April 30, 2016

How to reduce pond maintenance

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A water feature creates an environment that looks and sounds beautiful. But many people worry that the maintenance of a pond can outweigh the benefits.

The truth is, taking care of your pond isn’t a big deal if you do it right.

The two biggest issues with pond maintenance are debris and algae. But there are simple ways to manage the muck and gunk. Here’s what you need to know.

How to keep debris from mucking up your pond

Most ponds have the pump in the bottom of the pond. But debris – like leaves that fall into the water – has no way to get out. Eventually, this gunk will sink and build up.

As the pump continues to work its magic, it can suck debris into the intake. Eventually, the pump will get clogged and need to be cleaned. When there’s a lot of junk in the pond, you need to clean the pump more often. And that’s not even addressing the way the debris looks. It can really detract from the beauty of a pond.

All of the leaves, sticks, and blossoms that fall into a pond are decomposing. That adds a significant amount of organic matter to the water and stimulates algae. All aspects of your pond are tied together, and we’ll get to algae in a minute. But let’s deal with this plant matter.

You can use a pool net to fish the leaves out of your pond. But this is a time-consuming task that most people don’t want to mess with.

What we suggest is installing a 
 just outside the pond. The pump is placed inside the skimmer. As the pump operates, water goes through the skimmer. Debris is caught in a basket, then you empty the basket. All done!

This setup makes pump access easy and keeps debris in check. It’s so convenient that at Good Earth Water Gardens, we never install a pond without a skimmer.

For most of the year, all you have to do is check the skimmer basket once or twice a week. However, if you have a lot of trees around your pond, you know autumn is an intense time.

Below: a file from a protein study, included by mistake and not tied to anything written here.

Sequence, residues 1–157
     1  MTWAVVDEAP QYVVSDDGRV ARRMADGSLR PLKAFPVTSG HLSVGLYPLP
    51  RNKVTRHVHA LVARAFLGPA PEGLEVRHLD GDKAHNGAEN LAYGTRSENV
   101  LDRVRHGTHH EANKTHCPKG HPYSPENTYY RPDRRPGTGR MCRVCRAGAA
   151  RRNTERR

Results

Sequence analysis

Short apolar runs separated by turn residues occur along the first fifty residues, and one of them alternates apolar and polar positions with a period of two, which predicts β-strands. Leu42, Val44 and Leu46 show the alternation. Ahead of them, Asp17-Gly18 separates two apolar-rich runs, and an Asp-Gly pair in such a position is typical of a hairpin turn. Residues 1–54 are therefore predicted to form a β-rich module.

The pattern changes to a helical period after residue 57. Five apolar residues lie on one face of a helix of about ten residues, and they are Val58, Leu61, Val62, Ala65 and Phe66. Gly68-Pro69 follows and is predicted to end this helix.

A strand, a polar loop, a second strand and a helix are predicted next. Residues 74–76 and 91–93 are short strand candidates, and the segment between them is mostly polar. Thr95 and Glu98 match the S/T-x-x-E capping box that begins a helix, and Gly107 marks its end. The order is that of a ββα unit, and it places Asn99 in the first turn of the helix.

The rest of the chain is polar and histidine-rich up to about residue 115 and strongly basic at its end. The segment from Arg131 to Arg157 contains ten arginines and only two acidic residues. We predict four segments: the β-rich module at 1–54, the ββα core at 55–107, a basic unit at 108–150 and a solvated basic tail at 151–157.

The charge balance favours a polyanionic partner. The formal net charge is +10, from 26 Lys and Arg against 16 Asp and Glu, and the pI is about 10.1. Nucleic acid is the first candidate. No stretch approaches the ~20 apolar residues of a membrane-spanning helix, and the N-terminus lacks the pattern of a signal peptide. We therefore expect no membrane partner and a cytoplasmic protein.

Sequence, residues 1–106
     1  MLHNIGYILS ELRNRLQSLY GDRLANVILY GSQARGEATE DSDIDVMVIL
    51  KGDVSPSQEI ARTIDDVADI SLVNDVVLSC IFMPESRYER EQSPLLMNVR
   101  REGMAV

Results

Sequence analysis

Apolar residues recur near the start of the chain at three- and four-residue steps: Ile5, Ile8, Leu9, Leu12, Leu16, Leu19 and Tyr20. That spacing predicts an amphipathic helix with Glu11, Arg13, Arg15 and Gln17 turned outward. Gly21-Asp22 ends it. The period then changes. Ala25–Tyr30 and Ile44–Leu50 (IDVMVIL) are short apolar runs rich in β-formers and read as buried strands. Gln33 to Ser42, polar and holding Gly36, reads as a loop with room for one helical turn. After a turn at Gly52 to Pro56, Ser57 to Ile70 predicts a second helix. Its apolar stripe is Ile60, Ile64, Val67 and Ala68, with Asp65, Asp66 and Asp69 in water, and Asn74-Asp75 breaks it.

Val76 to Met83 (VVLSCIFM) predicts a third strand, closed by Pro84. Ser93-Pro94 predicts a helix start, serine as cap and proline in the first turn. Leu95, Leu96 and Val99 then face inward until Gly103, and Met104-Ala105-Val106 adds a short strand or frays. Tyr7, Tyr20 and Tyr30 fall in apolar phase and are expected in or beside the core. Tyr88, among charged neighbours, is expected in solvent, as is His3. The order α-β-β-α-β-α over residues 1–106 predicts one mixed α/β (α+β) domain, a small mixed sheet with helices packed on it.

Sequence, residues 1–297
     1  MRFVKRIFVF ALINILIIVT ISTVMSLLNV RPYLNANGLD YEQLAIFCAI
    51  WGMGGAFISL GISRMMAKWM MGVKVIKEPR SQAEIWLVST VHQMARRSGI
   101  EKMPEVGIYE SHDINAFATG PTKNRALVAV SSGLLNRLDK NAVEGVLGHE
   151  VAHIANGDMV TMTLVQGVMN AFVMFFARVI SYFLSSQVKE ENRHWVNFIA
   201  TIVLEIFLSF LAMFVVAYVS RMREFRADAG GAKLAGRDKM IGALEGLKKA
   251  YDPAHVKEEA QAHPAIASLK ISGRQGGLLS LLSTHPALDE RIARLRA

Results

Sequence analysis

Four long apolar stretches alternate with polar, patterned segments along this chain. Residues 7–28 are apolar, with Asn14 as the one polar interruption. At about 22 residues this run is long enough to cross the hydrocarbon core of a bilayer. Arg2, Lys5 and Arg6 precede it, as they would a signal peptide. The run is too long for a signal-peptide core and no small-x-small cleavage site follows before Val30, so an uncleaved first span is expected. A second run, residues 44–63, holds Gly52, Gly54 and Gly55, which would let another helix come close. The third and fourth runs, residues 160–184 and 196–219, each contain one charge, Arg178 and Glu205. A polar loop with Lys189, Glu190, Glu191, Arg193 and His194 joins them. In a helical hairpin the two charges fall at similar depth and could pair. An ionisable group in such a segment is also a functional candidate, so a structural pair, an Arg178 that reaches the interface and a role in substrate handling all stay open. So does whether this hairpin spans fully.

In the fall, your skimmer basket might fill up in a few hours. The easy solution here is to put a fine net over the pond. PVC pipe supports a dome over the water and leaves fall off to the side of the pond. When it’s done properly, a net is surprisingly unobtrusive. Plus, the benefit far outweighs any visual impairment. For more detail, check out our video on 

How to manage algae in your pond

Wherever there’s water, there are algae. We’re not trying to create a swimming pool here. But we do want to control the algae so that it doesn’t make your pond water look scummy. It’s natural for a pond to have a bit of film on the rocks and gravel. It’s OK as long as the water is clear.

There are two types of algae:

The first type of algae can be fairly easily controlled by adding 
. Every pond owner should add bacteria on a regular basis to keep water quality high. These good bacteria will eat up nutrients from fish waste, runoff, and debris that aren’t filtered out. Bacteria help to reduce the muck layer that can form on the bottom of the pond. As the bacteria remove the organic matter, algae go hungry and the water stays clear.

String algae are a little more challenging – beneficial bacteria don’t impact it. String algae love the sun, so if your pond is in a sunny spot, you may be prone to it.

There are products that claim to control string algae, including barley extracts and algaecides. However, the most effective way we have found to control it is the 

This system releases copper ions into the water. The copper then kills the string algae but isn’t toxic to fish or other wildlife. Algaecides can be harmful to fish and animals, so an IonGen is a better solution.

The right maintenance can make pond care easy

When you get a handle on debris and algae, you can focus on the joy of having a water feature. And isn’t that what having a pond is all about?



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